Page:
Bram had been a secret member of the communist party since the 1940s. In 1964 he was charged for leading the South African Communist Party (it was illegal to be a communist in those days). He was released on bail and travelled to London where friends encouraged him to forgo his bond and go into exile. Bram Fischer however would not give up on his homeland: “I am an Afrikaner. My home is in South Africa. I will not leave my country because my political beliefs conflict with those of the Government.”
On his return to South Africa, Fischer then went on the run joining the underground liberation movement, determined to sacrifice all he could for his country's freedom. He left a message for the court explaining his motives: “My decision was made only because I believe that it is the duty of every true opponent of this Government to remain in this country and to oppose its monstrous policy of apartheid with every means in his power. That is what I shall do for as long as I can...What is needed is for White South Africans to shake themselves out of their complacency, a complacency intensified by the present economic boom built upon racial discrimination.”
After 290 days on the run he was captured and put on trial. Some friends encouraged him to publicly renounce communism to gain a lesser sentence. Fischer was however true to his beliefs and delivered a passionate defence of his actions and proudly proclaimed himself to be inspired by Marxist theories.
The last scenes of the play are very moving as the final months of Bram Fischer's life were unbearably tragic. Suffering alone in his cell from brain cancer, his health deteriorated drastically and following his partial paralysis and loss of speech the authorities were eventually persuaded to allow his brother's home in the Free State to be declared a prison. He died there in 1975 long before the end of apartheid. His ashes were confiscated after his funeral by the prisons authority and his final resting place is unknown.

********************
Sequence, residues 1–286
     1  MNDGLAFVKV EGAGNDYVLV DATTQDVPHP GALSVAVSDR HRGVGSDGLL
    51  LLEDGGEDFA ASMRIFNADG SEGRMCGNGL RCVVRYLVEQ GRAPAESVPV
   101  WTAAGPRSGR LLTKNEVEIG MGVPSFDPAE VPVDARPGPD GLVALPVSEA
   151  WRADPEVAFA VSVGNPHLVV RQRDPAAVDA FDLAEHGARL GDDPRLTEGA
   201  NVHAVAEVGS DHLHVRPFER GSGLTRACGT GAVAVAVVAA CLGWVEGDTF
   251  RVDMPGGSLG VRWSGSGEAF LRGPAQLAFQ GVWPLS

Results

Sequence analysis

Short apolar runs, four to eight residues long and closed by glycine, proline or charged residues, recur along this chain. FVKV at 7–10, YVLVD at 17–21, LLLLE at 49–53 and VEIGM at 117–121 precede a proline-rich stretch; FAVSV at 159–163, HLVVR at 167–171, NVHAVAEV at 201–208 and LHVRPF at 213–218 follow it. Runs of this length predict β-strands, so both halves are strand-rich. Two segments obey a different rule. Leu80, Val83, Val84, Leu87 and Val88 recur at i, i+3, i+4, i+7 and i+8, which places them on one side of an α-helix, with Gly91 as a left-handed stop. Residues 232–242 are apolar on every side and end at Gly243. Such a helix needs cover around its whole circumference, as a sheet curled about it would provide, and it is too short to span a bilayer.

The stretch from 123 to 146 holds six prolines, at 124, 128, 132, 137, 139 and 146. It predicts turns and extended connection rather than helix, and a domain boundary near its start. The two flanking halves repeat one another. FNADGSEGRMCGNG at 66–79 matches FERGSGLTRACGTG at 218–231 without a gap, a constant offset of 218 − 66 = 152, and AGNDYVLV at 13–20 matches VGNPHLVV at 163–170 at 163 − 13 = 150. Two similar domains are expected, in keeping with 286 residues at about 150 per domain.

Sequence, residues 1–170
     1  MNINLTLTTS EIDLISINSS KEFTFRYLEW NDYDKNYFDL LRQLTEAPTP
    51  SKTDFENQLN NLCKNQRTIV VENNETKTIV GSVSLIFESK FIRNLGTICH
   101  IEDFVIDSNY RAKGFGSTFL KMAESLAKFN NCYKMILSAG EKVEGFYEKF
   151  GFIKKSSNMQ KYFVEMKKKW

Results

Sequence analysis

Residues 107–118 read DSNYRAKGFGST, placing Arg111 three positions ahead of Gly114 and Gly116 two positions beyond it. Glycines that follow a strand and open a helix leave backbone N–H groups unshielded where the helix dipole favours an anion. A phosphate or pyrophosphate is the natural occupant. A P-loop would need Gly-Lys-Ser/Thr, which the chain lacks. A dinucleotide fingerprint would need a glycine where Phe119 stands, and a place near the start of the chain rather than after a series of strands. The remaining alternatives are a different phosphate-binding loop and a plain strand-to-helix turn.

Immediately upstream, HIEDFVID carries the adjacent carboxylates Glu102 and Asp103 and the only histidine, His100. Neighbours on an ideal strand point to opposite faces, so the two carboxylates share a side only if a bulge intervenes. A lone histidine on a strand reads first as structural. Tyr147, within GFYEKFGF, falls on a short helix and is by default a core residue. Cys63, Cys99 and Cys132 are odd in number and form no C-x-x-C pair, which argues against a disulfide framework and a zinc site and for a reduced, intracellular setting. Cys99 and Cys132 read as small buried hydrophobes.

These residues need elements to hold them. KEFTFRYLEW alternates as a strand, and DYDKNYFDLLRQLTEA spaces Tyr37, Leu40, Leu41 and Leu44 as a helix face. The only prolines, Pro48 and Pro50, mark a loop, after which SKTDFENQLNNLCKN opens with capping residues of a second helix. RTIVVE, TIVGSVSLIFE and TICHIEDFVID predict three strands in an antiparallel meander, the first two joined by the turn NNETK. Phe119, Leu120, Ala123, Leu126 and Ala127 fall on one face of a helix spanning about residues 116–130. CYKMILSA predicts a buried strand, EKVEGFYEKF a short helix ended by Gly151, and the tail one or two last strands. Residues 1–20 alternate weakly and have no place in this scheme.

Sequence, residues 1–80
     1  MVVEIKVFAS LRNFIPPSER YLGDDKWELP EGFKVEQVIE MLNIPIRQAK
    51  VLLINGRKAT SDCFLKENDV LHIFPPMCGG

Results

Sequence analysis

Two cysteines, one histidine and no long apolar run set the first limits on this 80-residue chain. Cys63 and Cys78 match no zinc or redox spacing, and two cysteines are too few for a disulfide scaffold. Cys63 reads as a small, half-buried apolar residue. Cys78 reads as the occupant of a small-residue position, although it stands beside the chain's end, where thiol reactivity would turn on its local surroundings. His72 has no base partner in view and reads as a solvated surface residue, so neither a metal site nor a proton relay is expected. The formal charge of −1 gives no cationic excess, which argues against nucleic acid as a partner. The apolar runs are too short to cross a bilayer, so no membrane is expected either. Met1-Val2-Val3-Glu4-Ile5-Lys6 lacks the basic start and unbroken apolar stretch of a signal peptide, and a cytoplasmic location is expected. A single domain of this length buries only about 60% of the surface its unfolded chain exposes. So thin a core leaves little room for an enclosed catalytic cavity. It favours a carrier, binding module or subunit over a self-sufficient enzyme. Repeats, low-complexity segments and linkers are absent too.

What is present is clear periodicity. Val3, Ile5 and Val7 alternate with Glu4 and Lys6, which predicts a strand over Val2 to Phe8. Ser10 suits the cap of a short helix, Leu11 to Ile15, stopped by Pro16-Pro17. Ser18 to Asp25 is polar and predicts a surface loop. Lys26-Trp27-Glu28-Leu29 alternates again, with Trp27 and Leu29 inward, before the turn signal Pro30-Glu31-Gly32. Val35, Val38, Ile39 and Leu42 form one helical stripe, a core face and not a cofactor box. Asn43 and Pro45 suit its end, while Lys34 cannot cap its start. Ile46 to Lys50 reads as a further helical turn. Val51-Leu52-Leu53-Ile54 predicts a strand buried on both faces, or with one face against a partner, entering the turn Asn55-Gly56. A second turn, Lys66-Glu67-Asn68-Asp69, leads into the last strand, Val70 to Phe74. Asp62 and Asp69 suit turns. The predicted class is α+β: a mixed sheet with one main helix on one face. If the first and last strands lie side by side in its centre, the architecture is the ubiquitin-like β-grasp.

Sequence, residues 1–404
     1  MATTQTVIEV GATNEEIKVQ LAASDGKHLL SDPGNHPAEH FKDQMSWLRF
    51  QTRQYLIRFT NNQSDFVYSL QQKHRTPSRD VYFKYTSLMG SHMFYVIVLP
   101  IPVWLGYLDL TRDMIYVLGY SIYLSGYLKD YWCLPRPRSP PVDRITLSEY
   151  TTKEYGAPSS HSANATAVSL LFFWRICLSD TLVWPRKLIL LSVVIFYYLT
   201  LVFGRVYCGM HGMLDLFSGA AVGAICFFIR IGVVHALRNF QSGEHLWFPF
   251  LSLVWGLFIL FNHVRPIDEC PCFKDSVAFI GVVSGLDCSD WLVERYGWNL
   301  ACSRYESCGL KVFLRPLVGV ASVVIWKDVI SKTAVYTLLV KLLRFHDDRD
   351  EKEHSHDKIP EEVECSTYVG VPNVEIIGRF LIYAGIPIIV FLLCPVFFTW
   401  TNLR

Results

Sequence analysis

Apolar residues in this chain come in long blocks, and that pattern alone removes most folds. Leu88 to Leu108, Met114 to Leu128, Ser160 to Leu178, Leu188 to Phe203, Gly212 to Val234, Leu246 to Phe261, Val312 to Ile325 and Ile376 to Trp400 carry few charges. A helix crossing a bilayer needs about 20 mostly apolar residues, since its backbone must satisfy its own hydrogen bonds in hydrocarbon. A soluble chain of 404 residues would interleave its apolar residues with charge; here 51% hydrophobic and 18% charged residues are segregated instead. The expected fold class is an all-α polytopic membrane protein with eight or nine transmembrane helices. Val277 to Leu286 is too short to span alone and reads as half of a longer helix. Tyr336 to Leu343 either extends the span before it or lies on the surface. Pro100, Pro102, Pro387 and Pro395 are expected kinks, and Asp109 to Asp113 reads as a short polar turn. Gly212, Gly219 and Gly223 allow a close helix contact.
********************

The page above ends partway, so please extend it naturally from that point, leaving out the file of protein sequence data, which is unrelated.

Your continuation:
The Rand Club
The Bram Fischer Waltz was performed in a most incongruous venue - the Rand Club. The Rand Club is a historic members club in the Joburg CBD which dates back to the days of Cecil Rhodes and the Randlords. Under apartheid it was a whites only, males only club which also discriminated against Jews. Thankfully nowadays anybody is allowed to spend some time relaxing here so long as they obey the 'dress code' (no jeans, no trainers, no sports clothes etc).
The building is super colonial in style. It has a grand staircase, massive bar where they serve beer in engraved tankards (keeps your brew super cold!), an olde worlde library, various posh function rooms, a gun room (yes really), some (probably) extremely valuable and very beautiful drawings of exotic animals and birds and portraits and busts of a grand array of leaders including the young Queen Elizabeth II, Cecil Rhodes and of course dear Madiba. The theatre is down in the basement where they also keep the Pièce de résistance - a crazy billiards hall filled with the taxidermied heads of various African animals - including a giraffe.
In all the building is well worth visiting so keep an eye out for upcoming events and open days on their facebook page and website.